She said recovery is possible by embracing Stand Up’s mantra: “Be Bold. Be Brave. Be Better Together,” Mallette recited.
She said the strategy involves having the courage to address addiction with yourself; being brave enough to share your story with others for support or treatment; and spreading hope to family, church, students and classmates. “As long as that person is still alive, there’s always hope. Every breath is a second chance,” Mallette said.
Mississippi Department of Public Safety commissioner Marshall Fisher calls for more conversation with state leaders, legislators and Congress about funding for mental health and drug rehabilitation treatment inside prisons.
“Opioids affect everyone. It’s been slower affecting the black community, but it’s there,” Fisher said.
He recalls a case in 2011 when he was director of the Mississippi Bureau of Narcotics. A 36-year-old African-American female nurse died in a motel off Interstate 55 from a drug overdose on a Sunday morning. In a 14-month period in the metro area, she had visited 38 different medical prescribers, including three oral surgeons, to get drugs.
Because of that woman’s death and the ease of getting prescription medicines, Fisher decided to do something about it. He began pushing for a prescription monitoring program.
“Actually, the program was already out there, but there was no mandate for physicians to use it,” he said. “The point is to get the message out because there’s treatment for people. As bad as the opioid crisis is today, I still don’t think we’ve reached the peak.”MEANWHILE, an opioid abuse therapist for Hinds County cautions against spreading misinformation within the African-American communities over the belief that certain drugs don’t impact them.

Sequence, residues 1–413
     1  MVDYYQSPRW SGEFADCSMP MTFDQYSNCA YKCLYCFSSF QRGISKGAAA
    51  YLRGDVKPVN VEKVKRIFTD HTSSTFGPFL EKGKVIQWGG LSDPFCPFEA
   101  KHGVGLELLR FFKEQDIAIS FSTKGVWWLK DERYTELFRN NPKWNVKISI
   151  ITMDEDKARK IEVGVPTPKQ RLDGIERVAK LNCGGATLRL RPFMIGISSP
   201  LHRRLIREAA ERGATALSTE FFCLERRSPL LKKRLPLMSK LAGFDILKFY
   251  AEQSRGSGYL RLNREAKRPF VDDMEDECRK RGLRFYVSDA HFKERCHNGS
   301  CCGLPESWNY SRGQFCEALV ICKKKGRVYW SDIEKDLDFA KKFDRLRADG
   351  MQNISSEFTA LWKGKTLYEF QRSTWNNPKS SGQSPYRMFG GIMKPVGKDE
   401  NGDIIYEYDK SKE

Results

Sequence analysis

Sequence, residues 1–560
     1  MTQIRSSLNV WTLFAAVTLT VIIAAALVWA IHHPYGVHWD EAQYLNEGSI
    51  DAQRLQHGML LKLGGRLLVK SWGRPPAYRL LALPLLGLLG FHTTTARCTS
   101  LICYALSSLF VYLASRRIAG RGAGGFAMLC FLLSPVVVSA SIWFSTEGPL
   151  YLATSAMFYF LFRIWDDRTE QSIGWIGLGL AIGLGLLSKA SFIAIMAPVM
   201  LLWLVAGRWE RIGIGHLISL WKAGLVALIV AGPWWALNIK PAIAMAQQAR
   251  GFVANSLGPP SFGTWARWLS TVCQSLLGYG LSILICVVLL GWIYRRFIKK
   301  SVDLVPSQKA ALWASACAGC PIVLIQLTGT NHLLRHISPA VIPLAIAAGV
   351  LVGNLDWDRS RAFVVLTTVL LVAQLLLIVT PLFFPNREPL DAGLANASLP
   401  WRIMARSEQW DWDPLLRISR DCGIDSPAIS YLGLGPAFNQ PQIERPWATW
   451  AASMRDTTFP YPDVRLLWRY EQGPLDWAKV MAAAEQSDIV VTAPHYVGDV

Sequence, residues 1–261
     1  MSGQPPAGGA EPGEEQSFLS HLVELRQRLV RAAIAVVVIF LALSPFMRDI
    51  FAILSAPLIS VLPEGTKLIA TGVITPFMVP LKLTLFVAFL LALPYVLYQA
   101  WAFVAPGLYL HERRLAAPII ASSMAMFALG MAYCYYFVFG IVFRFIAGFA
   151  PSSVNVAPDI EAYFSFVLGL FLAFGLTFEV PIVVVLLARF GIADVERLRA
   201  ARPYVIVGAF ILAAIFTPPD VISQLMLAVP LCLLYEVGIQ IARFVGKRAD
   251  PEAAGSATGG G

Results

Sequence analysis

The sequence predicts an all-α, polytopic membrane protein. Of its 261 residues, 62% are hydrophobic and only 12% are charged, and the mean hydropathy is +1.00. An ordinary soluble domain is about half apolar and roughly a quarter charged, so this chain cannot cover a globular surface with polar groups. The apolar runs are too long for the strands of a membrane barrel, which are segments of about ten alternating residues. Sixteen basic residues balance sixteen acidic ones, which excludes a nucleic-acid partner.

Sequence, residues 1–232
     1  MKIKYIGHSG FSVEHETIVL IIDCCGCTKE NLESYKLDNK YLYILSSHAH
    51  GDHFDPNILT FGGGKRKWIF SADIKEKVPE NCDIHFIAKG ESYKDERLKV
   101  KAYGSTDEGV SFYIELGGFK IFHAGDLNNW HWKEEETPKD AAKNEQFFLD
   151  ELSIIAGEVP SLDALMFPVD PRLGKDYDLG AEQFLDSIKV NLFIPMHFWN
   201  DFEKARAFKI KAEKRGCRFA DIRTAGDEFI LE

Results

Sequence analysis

In recovery himself, JSU alum Jeffery Harvey said, “When human life is at stake it’s everybody’s problem. You have no idea how many African-American people I see who are on opioids, and they don’t even realize that’s what they’re on.” He cited prescription cough syrup with codeine and Lortab pain reliver as examples.
Harvey said he’s shattered by scenes that people don’t see on the evening news such as a three-year-old child sitting outside an emergency room because his parents have overdosed.
Sadly, the toddler’s grandmother is also “strung out on drugs,” he said. His message to the African-American community is that “united we stand, divided we fall.”
Now, Harvey is focused on “selling hope because addiction is real.” Statistically, he said a lot of these opioid numbers involve young people. In 2017, he was slated to counsel only 700 individuals ranging from high school to college. Instead, he ended up working with 6,300.
Because of those sheer numbers, he’s advocating for better prevention efforts in schools. He said when he was young he wanted to be a fireman, a lawyer and a teacher. Instead, he became a drug addict.